i am using kriesi Pagination, it is working perfectly fine category page but it when i do similar query on page then it is not working. any idea why ?

function kriesi_pagination($pages = '', $range = 2){  
 $showitems = ($range * 2)+1;  
 global $paged;
 if(empty($paged)) $paged = 1;
 if($pages == '')
     global $wp_query;
     $pages = $wp_query->max_num_pages;
         $pages = 1;

 if(1 != $pages)
     echo "<div class='pagination'>";
     if($paged > 2 && $paged > $range+1 && $showitems < $pages) echo "<a href='".get_pagenum_link(1)."'>&laquo;</a>";
     if($paged > 1) echo "<a class='prev' href='".get_pagenum_link($paged - 1)."'>&lsaquo; Previous</a>";

     for ($i=1; $i <= $pages; $i++)
         if (1 != $pages &&( !($i >= $paged+$range+1 || $i <= $paged-$range-1) || $pages <= $showitems ))
             echo ($paged == $i)? "<span class='current'>".$i."</span>":"<a href='".get_pagenum_link($i)."' class='inactive' >".$i."</a>";

     if ($paged < $pages) echo "<a class='next' href='".get_pagenum_link($paged + 1)."'>Next &rsaquo;</a>";  
     if ($paged < $pages-1 &&  $paged+$range-1 < $pages && $showitems < $pages) echo "<a href='".get_pagenum_link($pages)."'>&raquo;</a>";
     echo "</div>\n";


my page query is

    <?php query_posts(array('category_name' => 'm-directory',
                          'meta_key'=> 'mno',
                         'orderby'=> 'meta_value',
                         'order'=> 'ASC')); if ( have_posts() ) :
while ( have_posts() ) : the_post(); ?>       <li class="post">  
   </li>  <?php endwhile;  kriesi_pagination(); ?>     <?php else : ?> <p><?php _e('Sorry, no posts matched your criteria.'); ?></p> <?php

endif; ?>

  • Did my initial answer help? How about the revised one? Please be responsive. – Sally CJ Jun 3 at 14:23

it is working perfectly fine on category page but when I do similar query on page, then it is not working

I can see why you used query_posts() — your pagination function (kriesi_pagination()) uses the main query (the global $wp_query variable) to get the number of pages for your query, so you thought that altering the main query using query_posts() would make the pagination work, right?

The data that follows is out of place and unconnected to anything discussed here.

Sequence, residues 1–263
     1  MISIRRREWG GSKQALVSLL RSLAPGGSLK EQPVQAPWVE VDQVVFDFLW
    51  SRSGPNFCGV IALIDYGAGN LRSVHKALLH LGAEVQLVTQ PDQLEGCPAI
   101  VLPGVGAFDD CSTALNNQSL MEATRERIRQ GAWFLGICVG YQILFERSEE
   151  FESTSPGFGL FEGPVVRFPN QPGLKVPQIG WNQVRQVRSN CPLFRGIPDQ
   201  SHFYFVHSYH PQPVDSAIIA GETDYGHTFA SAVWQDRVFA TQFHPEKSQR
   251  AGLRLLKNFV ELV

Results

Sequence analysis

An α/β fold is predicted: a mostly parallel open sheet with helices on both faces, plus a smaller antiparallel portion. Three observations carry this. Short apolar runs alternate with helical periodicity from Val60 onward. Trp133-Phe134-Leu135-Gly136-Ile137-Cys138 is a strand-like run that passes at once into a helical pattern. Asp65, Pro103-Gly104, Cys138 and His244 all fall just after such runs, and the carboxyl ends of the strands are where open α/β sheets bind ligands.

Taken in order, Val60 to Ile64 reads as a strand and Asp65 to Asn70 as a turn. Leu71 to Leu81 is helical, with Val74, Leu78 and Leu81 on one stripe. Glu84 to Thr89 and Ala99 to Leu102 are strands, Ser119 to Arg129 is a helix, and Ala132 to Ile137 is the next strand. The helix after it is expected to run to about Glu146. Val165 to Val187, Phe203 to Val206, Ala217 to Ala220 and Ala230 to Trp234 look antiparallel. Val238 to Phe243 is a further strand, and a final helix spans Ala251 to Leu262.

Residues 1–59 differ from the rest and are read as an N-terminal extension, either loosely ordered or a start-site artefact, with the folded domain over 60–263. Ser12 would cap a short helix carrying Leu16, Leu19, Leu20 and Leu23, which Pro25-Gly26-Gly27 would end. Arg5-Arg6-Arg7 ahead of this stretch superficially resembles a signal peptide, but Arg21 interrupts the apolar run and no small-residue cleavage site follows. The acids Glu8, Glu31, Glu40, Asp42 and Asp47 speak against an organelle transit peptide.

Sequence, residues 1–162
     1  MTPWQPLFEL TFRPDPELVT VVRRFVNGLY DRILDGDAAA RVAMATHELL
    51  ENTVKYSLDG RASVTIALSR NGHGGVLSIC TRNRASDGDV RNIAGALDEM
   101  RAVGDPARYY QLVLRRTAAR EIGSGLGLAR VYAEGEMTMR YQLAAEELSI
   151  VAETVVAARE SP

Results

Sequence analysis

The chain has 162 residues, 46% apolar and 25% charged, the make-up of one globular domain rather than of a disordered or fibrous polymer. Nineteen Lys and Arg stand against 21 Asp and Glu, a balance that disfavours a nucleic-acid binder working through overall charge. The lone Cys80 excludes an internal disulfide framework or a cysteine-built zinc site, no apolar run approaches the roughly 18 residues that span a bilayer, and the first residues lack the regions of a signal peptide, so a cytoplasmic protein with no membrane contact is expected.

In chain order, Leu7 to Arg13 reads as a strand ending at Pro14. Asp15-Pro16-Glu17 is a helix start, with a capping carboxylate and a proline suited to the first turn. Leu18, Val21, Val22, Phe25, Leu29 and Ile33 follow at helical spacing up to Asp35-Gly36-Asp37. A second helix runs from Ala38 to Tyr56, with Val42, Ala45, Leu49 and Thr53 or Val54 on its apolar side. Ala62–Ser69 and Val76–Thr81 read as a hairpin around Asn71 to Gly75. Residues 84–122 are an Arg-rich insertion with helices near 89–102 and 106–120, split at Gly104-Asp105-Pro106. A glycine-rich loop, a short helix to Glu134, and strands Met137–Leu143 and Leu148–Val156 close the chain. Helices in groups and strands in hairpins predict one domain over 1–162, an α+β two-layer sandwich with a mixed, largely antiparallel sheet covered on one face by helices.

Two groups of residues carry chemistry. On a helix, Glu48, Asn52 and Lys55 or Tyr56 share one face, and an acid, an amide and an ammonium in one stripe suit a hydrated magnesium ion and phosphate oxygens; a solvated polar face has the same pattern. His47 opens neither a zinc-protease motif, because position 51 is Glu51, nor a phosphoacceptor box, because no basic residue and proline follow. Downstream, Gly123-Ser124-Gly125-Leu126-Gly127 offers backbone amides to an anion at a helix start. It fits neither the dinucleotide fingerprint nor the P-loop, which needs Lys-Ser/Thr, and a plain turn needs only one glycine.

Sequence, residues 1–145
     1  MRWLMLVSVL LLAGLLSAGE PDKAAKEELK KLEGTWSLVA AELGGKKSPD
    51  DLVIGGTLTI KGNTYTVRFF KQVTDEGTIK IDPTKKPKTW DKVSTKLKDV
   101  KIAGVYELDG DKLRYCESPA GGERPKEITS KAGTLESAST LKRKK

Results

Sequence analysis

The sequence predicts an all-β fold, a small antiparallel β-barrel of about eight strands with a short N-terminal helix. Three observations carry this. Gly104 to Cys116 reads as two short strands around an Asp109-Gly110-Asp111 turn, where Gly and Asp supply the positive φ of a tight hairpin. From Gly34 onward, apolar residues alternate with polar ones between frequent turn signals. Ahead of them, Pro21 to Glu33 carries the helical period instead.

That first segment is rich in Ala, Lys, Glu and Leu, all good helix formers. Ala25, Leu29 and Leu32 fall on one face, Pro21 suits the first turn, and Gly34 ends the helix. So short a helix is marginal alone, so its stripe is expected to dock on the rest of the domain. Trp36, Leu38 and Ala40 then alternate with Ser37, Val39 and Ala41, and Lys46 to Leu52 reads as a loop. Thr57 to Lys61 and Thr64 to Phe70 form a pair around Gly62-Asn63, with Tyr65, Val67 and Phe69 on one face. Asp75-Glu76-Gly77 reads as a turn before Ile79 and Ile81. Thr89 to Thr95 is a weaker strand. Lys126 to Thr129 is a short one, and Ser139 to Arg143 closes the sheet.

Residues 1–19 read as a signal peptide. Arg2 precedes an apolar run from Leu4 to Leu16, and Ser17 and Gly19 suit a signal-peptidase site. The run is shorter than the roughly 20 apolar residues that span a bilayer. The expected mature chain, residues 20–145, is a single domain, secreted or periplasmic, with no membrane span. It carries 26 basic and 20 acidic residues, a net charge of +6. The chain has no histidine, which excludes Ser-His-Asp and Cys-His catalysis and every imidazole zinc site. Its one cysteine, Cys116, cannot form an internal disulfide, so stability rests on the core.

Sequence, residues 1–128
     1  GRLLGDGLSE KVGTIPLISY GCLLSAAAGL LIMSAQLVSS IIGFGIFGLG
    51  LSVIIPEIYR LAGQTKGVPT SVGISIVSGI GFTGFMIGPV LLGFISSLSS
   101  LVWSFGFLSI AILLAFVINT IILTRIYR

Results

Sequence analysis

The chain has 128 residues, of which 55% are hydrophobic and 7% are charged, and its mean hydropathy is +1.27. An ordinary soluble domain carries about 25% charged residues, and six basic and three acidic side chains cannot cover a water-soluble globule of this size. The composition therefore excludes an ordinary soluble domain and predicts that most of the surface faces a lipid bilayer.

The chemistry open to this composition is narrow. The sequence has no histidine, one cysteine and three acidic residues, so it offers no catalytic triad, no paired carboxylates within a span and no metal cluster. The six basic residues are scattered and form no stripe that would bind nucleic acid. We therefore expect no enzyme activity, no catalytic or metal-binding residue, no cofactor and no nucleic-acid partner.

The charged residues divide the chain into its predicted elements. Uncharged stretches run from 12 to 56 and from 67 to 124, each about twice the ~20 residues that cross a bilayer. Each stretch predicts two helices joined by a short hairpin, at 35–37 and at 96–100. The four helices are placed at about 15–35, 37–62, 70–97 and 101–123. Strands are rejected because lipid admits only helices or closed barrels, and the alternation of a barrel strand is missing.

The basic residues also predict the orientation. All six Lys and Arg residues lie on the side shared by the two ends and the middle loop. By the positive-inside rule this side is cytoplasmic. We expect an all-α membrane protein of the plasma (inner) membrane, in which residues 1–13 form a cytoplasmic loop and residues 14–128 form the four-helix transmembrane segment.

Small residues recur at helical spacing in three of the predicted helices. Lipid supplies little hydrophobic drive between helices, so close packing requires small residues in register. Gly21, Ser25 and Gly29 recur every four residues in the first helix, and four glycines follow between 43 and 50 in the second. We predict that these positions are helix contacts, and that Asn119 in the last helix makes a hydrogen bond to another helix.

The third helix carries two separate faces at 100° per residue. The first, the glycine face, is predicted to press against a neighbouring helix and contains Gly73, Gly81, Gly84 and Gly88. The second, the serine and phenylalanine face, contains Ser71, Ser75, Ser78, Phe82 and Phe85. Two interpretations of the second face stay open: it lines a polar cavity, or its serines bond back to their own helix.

And basically, it would. But your query args is missing the paged parameter — more details here.

Nonetheless, there's no need to use query_posts() because your custom pagination function actually allows passing a custom number of pages which is the first parameter for the function.

Therefore, just make a new instance of WP_Query and pass the value of the instance's $max_num_pages property (i.e. WP_Query::$max_num_pages) to the pagination function:

$query = new WP_Query( [
    // .. your args here.
    'paged' => max( 1, get_query_var( 'paged' ) ),
] );

if ( $query->have_posts() ) :
    while ( $query->have_posts() ) :

        // .. your code.

kriesi_pagination( $query->max_num_pages );


Additional Notes

  • Every time you make a custom/secondary instance of WP_Query and calls the_post() (or setup_postdata()), make sure to call wp_reset_postdata() after your loop ends, so that the global $post variable is restored back to the current post in the main query. Otherwise, for example, the next call to the_title() to display the title of the current post in the main query, you'd see the title of the last post in the above query and not the supposedly main query.

  • You should also know that on category/archive/search/etc. "plural" pages, the $wp_query->max_num_pages value could be 2 or more depending on the total number of posts in the main query and the posts per page setting (which defaults to 10). So if by "my page", you mean a Page (i.e. a post of the page type) which is a singular post, then the $wp_query->max_num_pages would always be 1. And that might be the answer to "any idea why ?" in the question.

  • If kriesi_pagination() still doesn't work for you, you can try using paginate_links():

    echo paginate_links( [
        'total'   => $query->max_num_pages,
        'current' => max( 1, get_query_var( 'paged' ) ),
    ] );

And last but not least, avoid using query_posts() as the WordPress core team suggested:

Its overly-simplistic approach to modifying the main query can be problematic and should be avoided wherever possible. In most cases, there are better, more performant options for modifying the main query such as via the pre_get_posts action within WP_Query.

Happy coding!

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